Law for Black Lives is a network of legal advocates for Black Lives Matter and related social movements. Each semester the organization connects a cohort of law school clinics with community organizations to provide research and legal support. The Community Enterprise Clinic worked with representatives from the Highlander Research and Education Center, a storied civil rights organization in East Tennessee where Rosa Parks trained to lead the Montgomery bus boycott, and the National Black Food and Justice Alliance.
Clinic students Ryan Everette ’21 and Grace Ko ’21 developed a legal toolkit to facilitate Black reclamation and retention of agricultural land. This project was in response to a century of African Americans losing approximately 12 million acres of land, dispossessing the vast majority of Black farmers. This dispossession was largely driven by discriminatory titling and lending practices, which continued well into the 1990s. As a result, only around 2 percent of American farms are currently Black-owned. For the Highlander Center and the National Black Food and Justice Alliance, restoring Black land ownership is a priority for both repairing past injustices and providing economic opportunity for Black farmers.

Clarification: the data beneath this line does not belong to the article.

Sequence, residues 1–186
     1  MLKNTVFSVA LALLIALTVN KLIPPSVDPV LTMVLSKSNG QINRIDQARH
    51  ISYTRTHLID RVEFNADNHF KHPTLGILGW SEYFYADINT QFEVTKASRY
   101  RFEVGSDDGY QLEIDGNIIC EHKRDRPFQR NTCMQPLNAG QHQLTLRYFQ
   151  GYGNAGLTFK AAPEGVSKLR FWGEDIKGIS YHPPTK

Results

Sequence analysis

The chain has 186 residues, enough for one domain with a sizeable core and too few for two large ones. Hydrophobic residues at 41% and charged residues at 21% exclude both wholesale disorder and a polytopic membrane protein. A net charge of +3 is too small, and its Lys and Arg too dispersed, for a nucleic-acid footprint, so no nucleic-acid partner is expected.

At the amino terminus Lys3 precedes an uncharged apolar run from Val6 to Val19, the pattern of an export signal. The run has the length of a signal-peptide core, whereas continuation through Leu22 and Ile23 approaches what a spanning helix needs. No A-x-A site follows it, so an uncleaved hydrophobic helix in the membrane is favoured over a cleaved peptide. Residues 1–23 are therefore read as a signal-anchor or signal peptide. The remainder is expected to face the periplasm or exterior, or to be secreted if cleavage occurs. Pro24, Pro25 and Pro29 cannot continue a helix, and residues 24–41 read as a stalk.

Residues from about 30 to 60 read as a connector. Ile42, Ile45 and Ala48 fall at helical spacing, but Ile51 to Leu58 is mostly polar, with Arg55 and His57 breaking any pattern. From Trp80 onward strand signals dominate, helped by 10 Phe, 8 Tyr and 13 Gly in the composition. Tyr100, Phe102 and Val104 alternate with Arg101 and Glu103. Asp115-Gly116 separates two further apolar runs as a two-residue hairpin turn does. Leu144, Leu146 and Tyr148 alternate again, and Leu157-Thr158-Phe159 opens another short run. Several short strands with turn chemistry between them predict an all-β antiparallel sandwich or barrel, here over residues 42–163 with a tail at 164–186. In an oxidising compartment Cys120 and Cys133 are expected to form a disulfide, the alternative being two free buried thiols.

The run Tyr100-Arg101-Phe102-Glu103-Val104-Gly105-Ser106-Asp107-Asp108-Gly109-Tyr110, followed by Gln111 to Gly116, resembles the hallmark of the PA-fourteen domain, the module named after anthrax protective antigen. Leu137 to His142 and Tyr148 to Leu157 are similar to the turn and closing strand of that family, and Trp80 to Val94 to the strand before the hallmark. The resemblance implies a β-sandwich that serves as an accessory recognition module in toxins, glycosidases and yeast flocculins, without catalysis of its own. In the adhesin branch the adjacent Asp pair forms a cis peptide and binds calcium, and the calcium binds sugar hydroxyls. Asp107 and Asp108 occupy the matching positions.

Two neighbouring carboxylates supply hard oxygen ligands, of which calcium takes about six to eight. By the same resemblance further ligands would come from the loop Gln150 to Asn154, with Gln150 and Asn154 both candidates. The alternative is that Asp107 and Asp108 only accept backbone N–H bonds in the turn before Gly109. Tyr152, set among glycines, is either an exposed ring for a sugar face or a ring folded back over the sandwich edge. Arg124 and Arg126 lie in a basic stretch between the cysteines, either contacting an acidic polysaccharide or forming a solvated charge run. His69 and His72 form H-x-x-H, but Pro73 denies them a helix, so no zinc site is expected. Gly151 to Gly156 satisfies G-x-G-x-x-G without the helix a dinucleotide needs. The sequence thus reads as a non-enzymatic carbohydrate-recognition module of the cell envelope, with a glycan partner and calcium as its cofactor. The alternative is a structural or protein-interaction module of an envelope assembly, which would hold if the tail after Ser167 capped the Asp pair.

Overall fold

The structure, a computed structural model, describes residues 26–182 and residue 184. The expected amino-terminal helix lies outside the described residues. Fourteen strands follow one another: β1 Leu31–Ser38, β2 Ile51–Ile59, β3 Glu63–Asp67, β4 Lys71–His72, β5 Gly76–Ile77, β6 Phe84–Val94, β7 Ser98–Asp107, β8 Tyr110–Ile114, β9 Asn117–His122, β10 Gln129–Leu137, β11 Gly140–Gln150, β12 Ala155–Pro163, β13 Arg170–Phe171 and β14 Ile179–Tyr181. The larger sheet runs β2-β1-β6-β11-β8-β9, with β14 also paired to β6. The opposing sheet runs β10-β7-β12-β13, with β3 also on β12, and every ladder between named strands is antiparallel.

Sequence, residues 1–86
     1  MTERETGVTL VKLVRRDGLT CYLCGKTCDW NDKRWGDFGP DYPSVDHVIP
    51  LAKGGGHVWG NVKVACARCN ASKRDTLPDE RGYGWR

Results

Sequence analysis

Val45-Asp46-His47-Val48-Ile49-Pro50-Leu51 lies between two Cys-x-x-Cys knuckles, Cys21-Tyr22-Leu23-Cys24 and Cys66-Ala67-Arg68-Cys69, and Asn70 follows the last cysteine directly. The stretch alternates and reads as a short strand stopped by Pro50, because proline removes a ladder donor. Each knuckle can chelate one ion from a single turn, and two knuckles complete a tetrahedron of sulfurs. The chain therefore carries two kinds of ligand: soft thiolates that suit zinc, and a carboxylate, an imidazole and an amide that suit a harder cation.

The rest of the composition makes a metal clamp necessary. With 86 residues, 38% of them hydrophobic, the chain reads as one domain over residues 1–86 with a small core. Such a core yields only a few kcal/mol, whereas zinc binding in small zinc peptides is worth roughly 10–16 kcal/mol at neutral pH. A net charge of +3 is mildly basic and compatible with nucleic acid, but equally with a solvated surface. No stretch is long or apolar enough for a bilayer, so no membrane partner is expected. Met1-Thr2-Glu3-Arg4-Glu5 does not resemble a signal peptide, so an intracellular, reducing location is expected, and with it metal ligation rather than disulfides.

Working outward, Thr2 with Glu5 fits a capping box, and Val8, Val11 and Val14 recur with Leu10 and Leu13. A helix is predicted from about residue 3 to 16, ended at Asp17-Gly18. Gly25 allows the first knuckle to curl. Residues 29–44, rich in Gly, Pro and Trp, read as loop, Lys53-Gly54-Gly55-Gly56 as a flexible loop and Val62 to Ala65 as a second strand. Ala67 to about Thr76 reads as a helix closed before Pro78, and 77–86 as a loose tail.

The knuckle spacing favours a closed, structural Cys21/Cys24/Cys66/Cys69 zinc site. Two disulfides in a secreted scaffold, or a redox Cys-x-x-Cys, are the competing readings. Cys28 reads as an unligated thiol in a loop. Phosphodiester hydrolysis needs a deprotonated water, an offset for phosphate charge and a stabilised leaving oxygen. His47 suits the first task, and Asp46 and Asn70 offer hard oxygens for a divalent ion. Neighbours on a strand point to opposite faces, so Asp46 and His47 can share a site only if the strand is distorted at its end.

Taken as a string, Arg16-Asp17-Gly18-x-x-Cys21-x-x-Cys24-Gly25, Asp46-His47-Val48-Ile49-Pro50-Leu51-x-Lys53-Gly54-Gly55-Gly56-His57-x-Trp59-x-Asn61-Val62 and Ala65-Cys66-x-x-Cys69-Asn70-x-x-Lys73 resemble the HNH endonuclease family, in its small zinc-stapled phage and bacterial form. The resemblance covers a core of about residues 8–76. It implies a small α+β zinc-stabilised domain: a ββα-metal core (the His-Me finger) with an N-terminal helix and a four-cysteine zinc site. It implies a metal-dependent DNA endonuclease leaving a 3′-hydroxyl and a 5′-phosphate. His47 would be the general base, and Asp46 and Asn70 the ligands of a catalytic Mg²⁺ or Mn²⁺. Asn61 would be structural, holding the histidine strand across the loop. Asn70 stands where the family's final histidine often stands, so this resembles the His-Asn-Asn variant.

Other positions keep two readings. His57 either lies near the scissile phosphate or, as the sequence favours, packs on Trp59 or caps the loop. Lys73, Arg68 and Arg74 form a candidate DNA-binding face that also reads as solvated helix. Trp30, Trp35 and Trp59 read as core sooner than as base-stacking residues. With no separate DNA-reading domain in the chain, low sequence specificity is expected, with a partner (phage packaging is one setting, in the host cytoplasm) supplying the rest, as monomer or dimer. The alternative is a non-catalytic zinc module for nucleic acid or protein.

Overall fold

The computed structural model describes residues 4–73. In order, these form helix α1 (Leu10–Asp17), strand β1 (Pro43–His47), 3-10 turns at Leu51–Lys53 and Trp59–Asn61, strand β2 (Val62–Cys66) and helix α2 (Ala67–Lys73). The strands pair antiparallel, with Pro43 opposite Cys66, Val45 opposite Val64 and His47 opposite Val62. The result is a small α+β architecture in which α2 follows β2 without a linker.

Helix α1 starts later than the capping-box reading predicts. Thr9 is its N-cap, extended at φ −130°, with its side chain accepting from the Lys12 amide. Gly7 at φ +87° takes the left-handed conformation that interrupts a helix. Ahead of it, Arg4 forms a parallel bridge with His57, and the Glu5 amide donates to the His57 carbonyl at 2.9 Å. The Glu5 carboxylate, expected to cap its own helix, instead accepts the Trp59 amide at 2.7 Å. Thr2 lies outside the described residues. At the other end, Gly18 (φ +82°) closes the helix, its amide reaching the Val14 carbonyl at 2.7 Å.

In addition to regular mentorship from Law for Black Lives, Everett and Ko interacted with a range of organizations that work on racial justice and land issues. While researching models for Black land reclamation, they surveyed government programs to provide reparations to victims of racial discrimination, ranging from Native Alaskans to Japanese Americans, as well as private efforts to promote Black land ownership as models. “I learned how to assess the needs and requests of multiple stakeholders to create a cohesive product that is relevant to all of them,” says Everette. “I think the biggest reward stemmed from those challenges.”
Ko found that “working on the land reclamation model with L4BL and Highlander taught me valuable skills in collaboration, legal research, and problem solving. We were able to compile our semester-long research into a toolkit that we hope will be useful for continued efforts toward the land reclamation project.” The students also suggested a range of legislative reforms that could further facilitate private land reparations. “This project is part of a broader conversation about the role of law in promoting equity and reparation, rather than simply barring discrimination,” said Lauren Rogal, director of the Turner Family Community Enterprise Clinic. “We hope the toolkit Grace and Ryan created will be a valuable resource for community programs and advocacy efforts in the region and beyond.”
– Lauren Rogal, associate clinical professor of law